In what ways so you think the digital health or reproductive health industry has changed this year?
It’s of course impossible to speak about the reproductive health space in 2022 without mentioning the overturning of Roe vs. Wade and I believe that the impact will be felt for years to come in and outside of the United States. The reproductive health climate is ever-changing, and this year, an already “risky” industry became even riskier. I say that because when it comes to women’s health – and particularly anything that has to do with unintended pregnancies – there’s never been a foolproof solution. Unintended pregnancies will always happen – it’s an unfortunate reality. While startups have been forced to embrace these risks, large, established companies have tried to stay away. But for any company who wants to help women in the post-Roe v. Wade world, they are going to have no choice.
What are some industry trends you’re looking forward to or concerned about in 2023?
In 2023, we may see the dollar amount invested in women’s health – particularly digital health companies – decrease year over year. This will be a reflection of the growth over the last few years combined with the global economic situation and the higher risk companies will have to take on given the overturning of Roe v. Wade. But, this decrease in funding is not a reflection of how crucial innovation within the field of women’s health is and I believe the dip will be short term.
With all of the investment being made over the last few years, so many new products have been launched, and with any booming industry, you have to take the good with the bad. I know that every time I go on Instagram I’m inundated with fertility products – many of which have not been evaluated or proven to work – so I do think many of these products that don’t have scientific evidence to support them will no longer exist by year’s end. This is partly due to the economic situation, but more so, because with all of the “good” products out there and amazing innovation, women will have less tolerance for products that have not been properly evaluated. They’ll choose the better products.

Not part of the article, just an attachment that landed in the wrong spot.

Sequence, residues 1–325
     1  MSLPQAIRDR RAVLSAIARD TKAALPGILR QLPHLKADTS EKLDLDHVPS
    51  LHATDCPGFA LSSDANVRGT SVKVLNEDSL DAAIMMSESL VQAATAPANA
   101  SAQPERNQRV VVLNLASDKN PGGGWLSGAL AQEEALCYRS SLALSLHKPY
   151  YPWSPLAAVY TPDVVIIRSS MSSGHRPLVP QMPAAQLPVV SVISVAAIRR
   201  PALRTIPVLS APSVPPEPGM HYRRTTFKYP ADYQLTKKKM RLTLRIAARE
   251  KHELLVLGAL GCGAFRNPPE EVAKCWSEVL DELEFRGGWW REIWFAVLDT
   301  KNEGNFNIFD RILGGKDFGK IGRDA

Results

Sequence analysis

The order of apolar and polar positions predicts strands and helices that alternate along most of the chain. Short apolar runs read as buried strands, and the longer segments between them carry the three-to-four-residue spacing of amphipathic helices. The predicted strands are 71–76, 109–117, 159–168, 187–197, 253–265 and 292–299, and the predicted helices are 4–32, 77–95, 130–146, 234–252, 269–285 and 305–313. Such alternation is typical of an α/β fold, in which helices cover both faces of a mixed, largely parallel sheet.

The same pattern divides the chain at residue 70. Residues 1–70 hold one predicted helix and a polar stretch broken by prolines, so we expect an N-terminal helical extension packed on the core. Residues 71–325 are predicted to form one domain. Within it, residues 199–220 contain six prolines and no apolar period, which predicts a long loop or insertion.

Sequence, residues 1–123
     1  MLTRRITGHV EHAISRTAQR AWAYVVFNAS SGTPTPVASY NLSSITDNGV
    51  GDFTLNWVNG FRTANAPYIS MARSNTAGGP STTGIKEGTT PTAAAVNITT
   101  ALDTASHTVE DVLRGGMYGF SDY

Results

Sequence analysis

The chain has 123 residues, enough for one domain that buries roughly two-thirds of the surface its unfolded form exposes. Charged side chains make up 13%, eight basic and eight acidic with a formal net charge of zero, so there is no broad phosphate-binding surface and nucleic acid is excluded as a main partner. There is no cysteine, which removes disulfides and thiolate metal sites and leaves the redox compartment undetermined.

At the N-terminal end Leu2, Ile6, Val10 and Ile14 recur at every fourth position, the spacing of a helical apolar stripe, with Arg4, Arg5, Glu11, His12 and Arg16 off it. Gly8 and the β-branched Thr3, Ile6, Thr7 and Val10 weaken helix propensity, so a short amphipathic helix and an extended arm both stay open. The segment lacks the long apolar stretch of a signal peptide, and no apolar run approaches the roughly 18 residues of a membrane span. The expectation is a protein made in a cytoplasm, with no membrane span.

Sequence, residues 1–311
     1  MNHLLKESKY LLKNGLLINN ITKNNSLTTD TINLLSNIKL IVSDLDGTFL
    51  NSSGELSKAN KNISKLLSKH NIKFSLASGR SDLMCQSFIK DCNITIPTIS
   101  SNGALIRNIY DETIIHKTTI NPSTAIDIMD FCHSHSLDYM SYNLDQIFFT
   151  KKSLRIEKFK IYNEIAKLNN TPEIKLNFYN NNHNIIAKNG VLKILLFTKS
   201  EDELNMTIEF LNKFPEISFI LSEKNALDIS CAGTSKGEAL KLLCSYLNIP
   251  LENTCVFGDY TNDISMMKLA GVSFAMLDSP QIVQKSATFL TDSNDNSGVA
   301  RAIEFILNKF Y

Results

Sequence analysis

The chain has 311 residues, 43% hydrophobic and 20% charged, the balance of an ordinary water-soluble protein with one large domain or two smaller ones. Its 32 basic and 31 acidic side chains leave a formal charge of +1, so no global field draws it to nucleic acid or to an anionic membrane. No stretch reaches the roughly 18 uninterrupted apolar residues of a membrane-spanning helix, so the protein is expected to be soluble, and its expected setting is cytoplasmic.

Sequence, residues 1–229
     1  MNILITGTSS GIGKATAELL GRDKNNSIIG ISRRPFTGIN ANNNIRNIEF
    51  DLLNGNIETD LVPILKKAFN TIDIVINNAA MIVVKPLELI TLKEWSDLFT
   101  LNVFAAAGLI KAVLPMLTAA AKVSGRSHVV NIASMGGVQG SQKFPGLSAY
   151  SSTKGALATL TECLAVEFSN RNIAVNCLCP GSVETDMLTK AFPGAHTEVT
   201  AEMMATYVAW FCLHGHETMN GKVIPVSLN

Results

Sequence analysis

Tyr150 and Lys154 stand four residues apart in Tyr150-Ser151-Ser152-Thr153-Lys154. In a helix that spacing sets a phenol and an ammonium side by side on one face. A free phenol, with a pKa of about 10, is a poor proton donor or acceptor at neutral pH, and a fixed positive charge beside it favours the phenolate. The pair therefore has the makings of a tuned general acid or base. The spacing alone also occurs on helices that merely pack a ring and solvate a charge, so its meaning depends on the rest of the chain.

You’ve been using temperature as a biomarker for a while and activity in this area is definitely picking up. What are some use cases beyond prediction or ovulation you or others are working on? Is there research you’re excited about?
Temperature has always been a useful indicator of what’s happening inside the body – beyond a fever. We’ve been using body temperature to confirm ovulation for almost 10 years now, and I’m excited to see other companies – as well as more healthcare professionals – starting to embrace the important role body temperature plays beyond fertility. While we will keep building our product, our focus on fertility and reproductive health will remain. However, we are actively working on improving and expanding the number of hardware options by looking at alternative ways of obtaining temperature data. With health tracking tools becoming more advanced by the minute, I see a number of exciting opportunities ahead!